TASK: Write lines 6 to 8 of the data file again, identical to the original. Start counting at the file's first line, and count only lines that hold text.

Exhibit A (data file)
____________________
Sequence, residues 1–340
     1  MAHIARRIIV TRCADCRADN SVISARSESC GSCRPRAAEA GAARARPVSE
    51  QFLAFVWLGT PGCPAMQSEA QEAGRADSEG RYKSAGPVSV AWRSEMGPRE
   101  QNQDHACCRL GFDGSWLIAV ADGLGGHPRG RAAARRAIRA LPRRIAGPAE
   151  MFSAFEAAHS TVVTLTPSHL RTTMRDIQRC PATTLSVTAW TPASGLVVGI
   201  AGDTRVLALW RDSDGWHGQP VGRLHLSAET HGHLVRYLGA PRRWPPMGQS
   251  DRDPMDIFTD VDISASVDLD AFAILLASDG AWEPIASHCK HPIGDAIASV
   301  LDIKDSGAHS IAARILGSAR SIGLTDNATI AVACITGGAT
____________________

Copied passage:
   201  AGDTRVLALW RDSDGWHGQP VGRLHLSAET HGHLVRYLGA PRRWPPMGQS
   251  DRDPMDIFTD VDISASVDLD AFAILLASDG AWEPIASHCK HPIGDAIASV
   301  LDIKDSGAHS IAARILGSAR SIGLTDNATI AVACITGGAT